The new hoplite tactics are well known to Homer who stresses the point that it is only the Greeks that know how to use them and that this gives them an advantage over the Trojans. The contrast between the silent and well-organized Greek phalanxes and the howling mob of Trojans (Iliad IV. 430) resembles the later descriptions of the battles between Greeks and Persians. Homer describes the hoplite tactics as a novelty used on certain occasions and combined with the heroic type of warfare. For this reason some scholars have found a support to their contention that Homer is an archaeologist describing a past age: he lives in an age of hoplite tactics but tries to describe the individual warfare of ancestral times. Followers of the analytic school classify as later strata all passages mentioning hoplite tactics. But far from being contradictory and imprecise in matter of battle techniques, Homer is exact and observant; ancient Greeks always considered him an authority on tactics. He reveals a perfect awareness of the impact of the new tactics on the style of warfare of his champions. In Book XII of the Iliad, when the Trojans reach the ships in the Greek camp, the Greeks in desperate straits organize themselves in phalanx:

Spear against spear, shield against shield In one long fence, man pressing on man, Helmet on helmet, shield on shield.

The valiant Hektor confronted with these tactics shouts with indignation:

Trojans! Lykians! Dardanian men of war! Stand fast! .br Not long shall the Achaians bar my way,

Although they have made themselves like a stone wall! They will yield to my spear, I think, Since I am sent by the greatest of the gods . . . .

But the age of the heroes and of their helping gods is past, since Hektor, although .

Attacking with irresistible rush . . . ,
Like a boulder torn from the brow of a cliff
by a swollen torrent . . . ,
Came to a standstill close against them
when he met those massy phalanxes.

The same episode is repeated in a more watered-down form in Book XV: here again the Trojans threaten the Greek ships, the Greeks organize themselves in phalanxes, and the might of Hektor vainly breaks itself against them.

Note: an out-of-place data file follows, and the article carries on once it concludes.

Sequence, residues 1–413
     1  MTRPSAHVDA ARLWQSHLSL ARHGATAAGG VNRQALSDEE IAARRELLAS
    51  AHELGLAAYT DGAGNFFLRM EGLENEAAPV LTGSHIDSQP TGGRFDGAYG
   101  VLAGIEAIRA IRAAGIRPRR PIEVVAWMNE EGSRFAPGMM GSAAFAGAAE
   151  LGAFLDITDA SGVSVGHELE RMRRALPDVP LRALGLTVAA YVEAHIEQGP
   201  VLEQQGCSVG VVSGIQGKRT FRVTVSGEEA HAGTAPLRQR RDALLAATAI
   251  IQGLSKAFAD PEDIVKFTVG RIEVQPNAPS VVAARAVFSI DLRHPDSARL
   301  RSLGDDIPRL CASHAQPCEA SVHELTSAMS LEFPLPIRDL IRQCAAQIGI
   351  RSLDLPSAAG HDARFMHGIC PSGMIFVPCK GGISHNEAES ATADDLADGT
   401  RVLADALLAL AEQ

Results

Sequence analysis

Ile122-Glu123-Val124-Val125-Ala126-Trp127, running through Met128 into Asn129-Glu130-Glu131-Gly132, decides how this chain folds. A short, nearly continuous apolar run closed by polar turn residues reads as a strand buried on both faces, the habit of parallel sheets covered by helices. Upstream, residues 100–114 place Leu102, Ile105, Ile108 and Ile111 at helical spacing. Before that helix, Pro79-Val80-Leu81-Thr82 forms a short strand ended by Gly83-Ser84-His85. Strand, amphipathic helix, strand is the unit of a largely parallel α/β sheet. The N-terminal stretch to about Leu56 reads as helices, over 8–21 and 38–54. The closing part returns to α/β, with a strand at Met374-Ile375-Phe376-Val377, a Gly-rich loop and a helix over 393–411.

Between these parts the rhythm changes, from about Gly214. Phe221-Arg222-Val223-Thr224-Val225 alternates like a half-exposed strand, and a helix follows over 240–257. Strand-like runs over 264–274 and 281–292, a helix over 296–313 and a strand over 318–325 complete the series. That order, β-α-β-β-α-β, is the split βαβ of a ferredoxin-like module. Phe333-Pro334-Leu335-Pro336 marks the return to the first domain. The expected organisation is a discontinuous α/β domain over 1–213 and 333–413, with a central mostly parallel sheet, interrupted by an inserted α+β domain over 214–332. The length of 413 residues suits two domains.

There is no doubt that Homer sympathizes with the heroic type of warfare and likes to sing about it, but he is not blind to the facts. Scholars who insist that Homer is an archaeologist, or who see the poems as an anthology of passages written in different historical periods, fail both in terms of historical and of esthetic criticism. The apparent contradictions in Homer are due to the fact that he was a conservative, in the sense that he was speaking for a social class whose position was then threatened by a political and technological revolution. It is the deliberate assertion of the value system of a crumbling social order that constitutes the peculiar pathos of Homeric poetry.

The hoplite tactics were bringing about a political revolution because they meant the creation of a new class of warriors at a social level intermediate between that of the aristocratic heroes and the rabble of their followers. In heroic warfare the champions engage in individual combat, while the followers stay behind and throw missiles. The function of the followers is mainly that of providing a line to which the champions can withdraw for safety. In hoplite tactics on the contrary, the number of fighters becomes important; the phalanx needs a rather large number of men of equal skill; this skill does not need to be as great as that of the aristocratic heroes trained since childhood, but has to be superior to that of the mass of the heroes' followers. This point is well emphasized in Homer.